Sugarcane is harvested mostly by hand. Hand harvesting accounts for more than half of the world’s production, and is especially dominant in the developing world. Sometimes it is harvested mechanically. When harvested by hand, the field is first set afire. The fire burns away dry, dead leaves, killing any venomous snakes hiding in the crop, but leaving the stalks and roots unharmed. With cane knives or machetes, harvesters then cut the standing cane just above the ground. A skilled harvester can cut 1,000 pounds of sugarcane in an hour.

In a sugar mill, sugarcane is washed, chopped, and shredded by revolving knives. The shredded cane is repeatedly mixed with water and crushed between rollers. The collected juices (called garapa in Brazil) contain 10 to 15 percent sucrose. The remaining fibrous solids, called bagasse, are burned for fuel. Bagasse makes a sugar mill self-sufficient in energy; the surplus bagasse can be used for animal feed, paper manufacture, or burned to generate electricity.

The cane juice is next mixed with lime to adjust its pH to 7. This mixing arrests sucrose’s decay into glucose and fructose, and precipitates some impurities. The mixture then sits, allowing the lime and other suspended solids to settle, and the clarified juice is concentrated in a multiple-effect evaporator to make a syrup about 60 percent sucrose by weight. This syrup is further concentrated under vacuum until it becomes supersaturated, and then seeded with crystalline sugar. Upon cooling, sugar crystallizes out of the syrup. A centrifuge is used to separate the sugar from the remaining liquid, molasses. Additional crystallizations may be performed to extract more sugar from the molasses. The molasses remaining after no more sugar can be extracted from it in a cost-effective fashion is called blackstrap.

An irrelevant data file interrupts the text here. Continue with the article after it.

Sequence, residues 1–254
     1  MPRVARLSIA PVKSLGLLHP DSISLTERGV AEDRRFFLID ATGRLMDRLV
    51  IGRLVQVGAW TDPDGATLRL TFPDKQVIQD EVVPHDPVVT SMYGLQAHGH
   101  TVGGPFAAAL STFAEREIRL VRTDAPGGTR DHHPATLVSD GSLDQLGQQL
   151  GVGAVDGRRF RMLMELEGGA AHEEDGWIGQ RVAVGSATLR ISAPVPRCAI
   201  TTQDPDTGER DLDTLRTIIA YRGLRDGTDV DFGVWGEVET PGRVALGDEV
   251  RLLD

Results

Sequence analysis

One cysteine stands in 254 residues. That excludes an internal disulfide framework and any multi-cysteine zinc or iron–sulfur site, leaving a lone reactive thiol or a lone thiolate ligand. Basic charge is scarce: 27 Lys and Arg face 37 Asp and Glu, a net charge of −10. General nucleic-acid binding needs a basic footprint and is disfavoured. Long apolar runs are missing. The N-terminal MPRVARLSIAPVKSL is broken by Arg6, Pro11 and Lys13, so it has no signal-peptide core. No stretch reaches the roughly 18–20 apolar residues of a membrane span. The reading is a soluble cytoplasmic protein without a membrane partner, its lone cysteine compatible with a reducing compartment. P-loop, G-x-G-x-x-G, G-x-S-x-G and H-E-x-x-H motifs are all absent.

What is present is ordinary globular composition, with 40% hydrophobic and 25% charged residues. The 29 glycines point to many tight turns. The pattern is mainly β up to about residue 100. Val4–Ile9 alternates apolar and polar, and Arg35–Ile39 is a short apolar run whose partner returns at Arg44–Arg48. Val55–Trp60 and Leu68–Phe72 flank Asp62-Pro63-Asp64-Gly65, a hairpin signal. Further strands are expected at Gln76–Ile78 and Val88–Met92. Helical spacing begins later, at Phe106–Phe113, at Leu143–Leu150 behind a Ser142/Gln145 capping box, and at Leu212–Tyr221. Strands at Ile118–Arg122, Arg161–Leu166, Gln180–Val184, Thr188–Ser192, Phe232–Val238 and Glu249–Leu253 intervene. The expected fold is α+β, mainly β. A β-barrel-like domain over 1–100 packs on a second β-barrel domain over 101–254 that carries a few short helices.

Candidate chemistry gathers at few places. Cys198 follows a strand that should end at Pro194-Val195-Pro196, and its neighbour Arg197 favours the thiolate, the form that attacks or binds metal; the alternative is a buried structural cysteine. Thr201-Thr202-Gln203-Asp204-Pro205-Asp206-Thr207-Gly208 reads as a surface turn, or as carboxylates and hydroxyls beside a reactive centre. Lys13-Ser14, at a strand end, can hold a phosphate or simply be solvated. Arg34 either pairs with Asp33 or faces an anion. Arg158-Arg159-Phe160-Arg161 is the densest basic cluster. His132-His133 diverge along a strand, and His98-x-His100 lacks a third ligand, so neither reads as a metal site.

Raw sugar has a yellow to brown color. If a white product is desired, sulfur dioxide may be bubbled through the cane juice before evaporation. This chemical bleaches many colored impurities into colorless ones. Sugar bleached white by this sulfitation process is called “mill white,” “plantation white,” and “crystal sugar.” This form of sugar is the form most commonly consumed in sugar-producing countries.

In sugar refining, raw sugar is further purified. It is first mixed with heavy syrup and then centrifuged clean. This process is called “affination,” and its purpose is to wash away the outer coating of the raw sugar crystals, which is less pure than the crystal interior. The remaining sugar is then dissolved to make a syrup about 70 percent solids by weight.

To produce granulated sugar, in which the individual sugar grains do not clump together, sugar must be dried. Drying is accomplished first by drying the sugar in a hot rotary dryer, and then by conditioning the sugar by blowing cool air through it for several days.